From Nick Snow in Brussels
In the most awaited – and delayed – session here at Cable Congress, YouTube – the Ã¼ber-OTT service, came face to face with cable; and everyone was friendly, up to a point.
YouTube director video partnerships EMEA, Patrick Walker pointed out his service was already massive – 1 billion videos a day watched, 1 billion a week monetised – and that this was just the start, he said that in terms of reach and billing dollars, online had achieved in three years what took broadcast TV 15. He also predicted YouTube profit in 2010.
In terms of development, he wants an end to embedding apps in CE devices – they can’t be updated and can deliver a poor user experience, and a move to open browser driven devices. In terms of monetisation for broadcasters, he points to ad sales or co-ad sales and the additional reach delivered by OTT – see Susan Boyle.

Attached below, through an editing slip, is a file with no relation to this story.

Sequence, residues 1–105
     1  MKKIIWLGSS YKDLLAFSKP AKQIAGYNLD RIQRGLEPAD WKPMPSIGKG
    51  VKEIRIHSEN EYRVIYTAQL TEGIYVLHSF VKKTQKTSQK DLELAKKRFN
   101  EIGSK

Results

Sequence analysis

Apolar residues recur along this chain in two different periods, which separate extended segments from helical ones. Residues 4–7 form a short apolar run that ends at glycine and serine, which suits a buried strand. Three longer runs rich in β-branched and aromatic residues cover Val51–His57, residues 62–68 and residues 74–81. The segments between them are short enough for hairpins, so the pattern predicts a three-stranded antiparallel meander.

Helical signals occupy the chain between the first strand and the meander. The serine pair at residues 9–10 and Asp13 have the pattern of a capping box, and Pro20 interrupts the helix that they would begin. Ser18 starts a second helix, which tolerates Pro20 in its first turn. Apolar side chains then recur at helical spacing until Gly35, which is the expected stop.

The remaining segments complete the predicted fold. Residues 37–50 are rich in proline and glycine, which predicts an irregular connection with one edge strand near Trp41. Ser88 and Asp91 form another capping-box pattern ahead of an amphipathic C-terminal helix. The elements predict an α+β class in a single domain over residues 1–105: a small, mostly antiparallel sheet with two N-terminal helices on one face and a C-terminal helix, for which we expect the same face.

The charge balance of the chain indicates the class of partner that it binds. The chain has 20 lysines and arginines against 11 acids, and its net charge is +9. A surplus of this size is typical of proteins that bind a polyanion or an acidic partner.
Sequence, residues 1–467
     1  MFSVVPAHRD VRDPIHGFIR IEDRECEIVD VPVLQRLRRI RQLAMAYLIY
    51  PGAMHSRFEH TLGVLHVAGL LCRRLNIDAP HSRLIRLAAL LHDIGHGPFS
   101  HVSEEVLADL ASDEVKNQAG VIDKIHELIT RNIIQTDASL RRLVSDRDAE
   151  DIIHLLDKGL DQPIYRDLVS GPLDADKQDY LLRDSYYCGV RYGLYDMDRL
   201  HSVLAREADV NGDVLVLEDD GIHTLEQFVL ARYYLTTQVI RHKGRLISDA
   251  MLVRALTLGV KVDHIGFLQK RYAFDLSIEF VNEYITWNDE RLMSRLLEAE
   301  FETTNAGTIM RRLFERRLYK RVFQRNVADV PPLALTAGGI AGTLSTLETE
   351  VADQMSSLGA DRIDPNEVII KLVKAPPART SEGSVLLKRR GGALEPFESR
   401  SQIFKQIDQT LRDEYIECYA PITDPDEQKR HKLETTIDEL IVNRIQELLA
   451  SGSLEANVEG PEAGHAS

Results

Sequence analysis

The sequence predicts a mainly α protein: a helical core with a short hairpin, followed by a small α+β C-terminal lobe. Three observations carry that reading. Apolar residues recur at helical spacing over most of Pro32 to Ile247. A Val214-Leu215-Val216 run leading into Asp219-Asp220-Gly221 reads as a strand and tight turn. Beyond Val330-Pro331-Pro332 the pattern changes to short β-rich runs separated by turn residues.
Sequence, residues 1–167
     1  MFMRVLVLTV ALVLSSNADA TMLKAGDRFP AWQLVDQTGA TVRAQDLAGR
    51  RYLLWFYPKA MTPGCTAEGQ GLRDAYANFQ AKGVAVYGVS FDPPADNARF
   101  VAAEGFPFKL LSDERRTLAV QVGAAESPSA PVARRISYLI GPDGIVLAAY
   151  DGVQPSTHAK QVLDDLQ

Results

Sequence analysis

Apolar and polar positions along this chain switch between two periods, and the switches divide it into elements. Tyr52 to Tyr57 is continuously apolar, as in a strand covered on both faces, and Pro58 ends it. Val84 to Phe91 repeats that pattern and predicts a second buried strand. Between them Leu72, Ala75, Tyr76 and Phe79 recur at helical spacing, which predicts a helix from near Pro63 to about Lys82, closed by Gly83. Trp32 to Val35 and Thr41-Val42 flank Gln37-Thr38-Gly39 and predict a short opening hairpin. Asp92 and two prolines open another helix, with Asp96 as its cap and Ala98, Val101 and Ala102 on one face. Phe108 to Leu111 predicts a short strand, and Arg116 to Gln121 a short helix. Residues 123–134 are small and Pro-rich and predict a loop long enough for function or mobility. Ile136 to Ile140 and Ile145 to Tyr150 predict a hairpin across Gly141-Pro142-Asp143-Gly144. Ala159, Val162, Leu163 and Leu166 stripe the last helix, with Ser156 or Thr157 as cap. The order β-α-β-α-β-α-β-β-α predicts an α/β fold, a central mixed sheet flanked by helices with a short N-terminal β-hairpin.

When joined on the platform by operators, the concept of conflict over net neutrality was soon raised, though cable is much more relaxed than it used to be. Manuel Cabrero, CEO of KDG, thought online video and super fast broadband were partners with one naturally encouraging the other. Earning money from reselling content was being challenged as a main revenue source by providing the technology, customer management and QoS for others.
As ever, the vital factor is the gateway and its control. Neil Berkett, CEO, Virgin Media, is also relaxed about OTT, so long as the network provider controls the QoS and that means the UI. He confirmed that from next year, Virgin will be using the TiVo open box to bring customers all closed and open video services through one interface. The important thing for Berkett is that OTT providers are open standard and do not try and be gatekeepers themselves. In his sights, of course, was Canvas and he didn’t hesitate to accuse the BBC Trust of ‘a whitewash’ in its determination that Canvas is an open system. “I struggle when government-funded organisations start to try and play gatekeeper.”
Meanwhile, asked if You Tube would ever pay for a guaranteed level of service on a managed network, Walker merely answered that they had already covered the cost of innovation and play-out as their end of the deal.